Full Disclosure: Before five minutes ago, I was unsure what teams made it into the upcoming Super Bowl. I mean, if one of them isn’t the Eagles, then my attention span plummets to nonexistent.
But, being that “THE” game is apolitical and topical, what better way to contribute some semblance of expertise than through analysis of the ads and how they may or may not reflect the health interests and possible status of the audience?
Given that the ads are my favorite part of the event anyway, they will be the focus. Because they are the focus of a lot of people, the ads have become a cultural phenomenon, and so there is real investment in being entertaining. It sometimes makes or breaks companies for the year so they want to appeal even to those not captivated by the sporting event itself.
But you can determine the demographic of greatest interest by the ads. Ever watch golf? You will note the disproportionate number of advertisements for erectile dysfunction (ED) medications - and in other media the commercials will even tell us to see the full disclosure in a golf magazine. Why, when according to the National Institutes of Health 12 percent of men under 60 and 22 percent in their 60s have what is considered true erectile dysfunction? Does ED strike golfers more than the larger population? Or is ED a symptom of other issues and that precludes other sports? ED can by a symptom of heart disease, for instance, and other medical conditions. Or is it that golf is primarily played by older men and ED is often a greater challenge as men age, so product placements geared toward golfers provides more bang for their buck?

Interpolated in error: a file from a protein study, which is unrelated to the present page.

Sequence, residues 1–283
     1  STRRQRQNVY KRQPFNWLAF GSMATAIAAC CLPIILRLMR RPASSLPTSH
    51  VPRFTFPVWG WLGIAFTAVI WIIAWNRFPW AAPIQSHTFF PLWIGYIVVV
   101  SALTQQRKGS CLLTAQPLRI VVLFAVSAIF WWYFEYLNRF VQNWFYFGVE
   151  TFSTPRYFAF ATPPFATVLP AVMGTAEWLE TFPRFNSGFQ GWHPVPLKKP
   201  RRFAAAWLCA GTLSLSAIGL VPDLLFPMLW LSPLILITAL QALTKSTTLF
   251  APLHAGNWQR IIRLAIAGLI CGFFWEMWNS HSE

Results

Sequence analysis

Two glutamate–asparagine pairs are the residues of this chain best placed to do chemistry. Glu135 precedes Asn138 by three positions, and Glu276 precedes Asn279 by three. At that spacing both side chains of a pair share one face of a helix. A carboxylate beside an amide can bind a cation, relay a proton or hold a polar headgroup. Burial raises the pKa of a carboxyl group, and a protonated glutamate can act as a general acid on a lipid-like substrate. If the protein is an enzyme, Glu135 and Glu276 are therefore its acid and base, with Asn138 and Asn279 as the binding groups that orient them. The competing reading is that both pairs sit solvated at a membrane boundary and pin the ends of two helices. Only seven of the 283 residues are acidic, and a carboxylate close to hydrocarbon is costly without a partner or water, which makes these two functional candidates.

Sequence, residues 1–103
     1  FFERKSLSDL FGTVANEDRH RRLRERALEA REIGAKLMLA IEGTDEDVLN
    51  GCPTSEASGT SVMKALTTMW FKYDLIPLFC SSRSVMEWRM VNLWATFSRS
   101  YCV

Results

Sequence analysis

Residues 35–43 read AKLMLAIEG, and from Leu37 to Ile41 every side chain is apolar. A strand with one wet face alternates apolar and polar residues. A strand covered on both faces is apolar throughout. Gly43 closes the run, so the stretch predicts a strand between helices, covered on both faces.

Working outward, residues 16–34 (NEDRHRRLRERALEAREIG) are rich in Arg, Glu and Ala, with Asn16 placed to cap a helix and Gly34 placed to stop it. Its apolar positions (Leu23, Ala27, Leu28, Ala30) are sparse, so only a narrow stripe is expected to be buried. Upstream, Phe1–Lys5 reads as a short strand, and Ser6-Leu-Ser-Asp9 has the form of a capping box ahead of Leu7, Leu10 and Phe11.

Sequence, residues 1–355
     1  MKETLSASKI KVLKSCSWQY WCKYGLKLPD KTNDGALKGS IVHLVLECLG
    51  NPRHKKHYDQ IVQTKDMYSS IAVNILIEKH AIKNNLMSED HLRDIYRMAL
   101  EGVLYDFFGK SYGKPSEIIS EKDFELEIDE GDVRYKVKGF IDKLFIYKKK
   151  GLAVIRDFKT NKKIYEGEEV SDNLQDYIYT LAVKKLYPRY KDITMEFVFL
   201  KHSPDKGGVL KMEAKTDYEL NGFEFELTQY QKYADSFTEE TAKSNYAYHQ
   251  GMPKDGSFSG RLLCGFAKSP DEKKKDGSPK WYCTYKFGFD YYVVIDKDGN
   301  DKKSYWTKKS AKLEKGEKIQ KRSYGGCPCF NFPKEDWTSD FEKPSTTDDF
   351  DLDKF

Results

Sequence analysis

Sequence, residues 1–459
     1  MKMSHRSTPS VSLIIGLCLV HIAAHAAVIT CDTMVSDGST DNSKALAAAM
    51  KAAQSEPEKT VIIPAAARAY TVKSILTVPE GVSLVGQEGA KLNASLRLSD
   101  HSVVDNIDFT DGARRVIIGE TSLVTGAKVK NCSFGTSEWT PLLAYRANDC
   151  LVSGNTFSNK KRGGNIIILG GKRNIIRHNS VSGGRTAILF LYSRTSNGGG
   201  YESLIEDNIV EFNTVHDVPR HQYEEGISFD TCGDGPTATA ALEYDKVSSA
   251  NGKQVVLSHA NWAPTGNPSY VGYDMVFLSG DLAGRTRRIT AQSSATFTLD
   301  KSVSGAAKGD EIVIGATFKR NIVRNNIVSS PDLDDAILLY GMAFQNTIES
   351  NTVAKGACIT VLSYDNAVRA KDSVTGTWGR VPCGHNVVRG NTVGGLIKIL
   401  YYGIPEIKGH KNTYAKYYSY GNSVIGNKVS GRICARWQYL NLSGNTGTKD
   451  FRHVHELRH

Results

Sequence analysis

Such is the case here. Though a valid argument might be that exposure alone at an event like this may serve to trump or edge out precise audience breakdowns, these spots get replayed and replayed and are ever associated with the event. That said, it might be more accurate to ascertain the leading health status of the audience in a weekly NFL game from assessing the ads than the Super Bowl given the expanded diversity of viewership.
If an individual’s entire life was made up of the totality of the products placed in this imminent spectacle, then it would describe an unhealthy diet replete with sedentary lifestyle, excessive alcohol, endless internet access with potential small business ownership along with an ability to drive anywhere without ever needing to exercise while always keeping a clean home. Now, who lives that way? Pretty certain we all do the poor eating or inactive part in phases of varying degree, some more than others.
Being that that approach is a total Debbie Downer one, a more worthwhile endeavor might be to recognize that some snickers or skittles at a major sporting event every now and again may not be the biggest deal. Attaining and maintaining good health is a delicate dance between consistently nurturing our mind, body, soul and spirit through minimizing chronic stress, getting proper rest, nutritious eating, routine exercise, social connectedness, intellectual pursuit with subsequent growth and managing to find our respective joy. This combination effectively executed prompts a life well lived.
The individual is the variable, however. Many of us face struggles in the food and exercise arena while others in risky behaviors such as smoking, drug or alcohol abuse. The medical impact of the aforementioned activities can be further elucidated by clicking on the blue links.
The message for the Super Bowl is to enjoy your family and friends. Create a special memory. Find the entertainment that makes you happy. And, while the occasional splurge is also integral to living, reign it in Monday and throughout the vast majority of your calendar days if you desire to promote your own longevity and well-being.
And, never forget, that teams of very bright professionals are studying your behavior beyond this Sunday to understand your purchase patterns. Their goal is to sell a product. Yours is to be around long enough to enjoy it.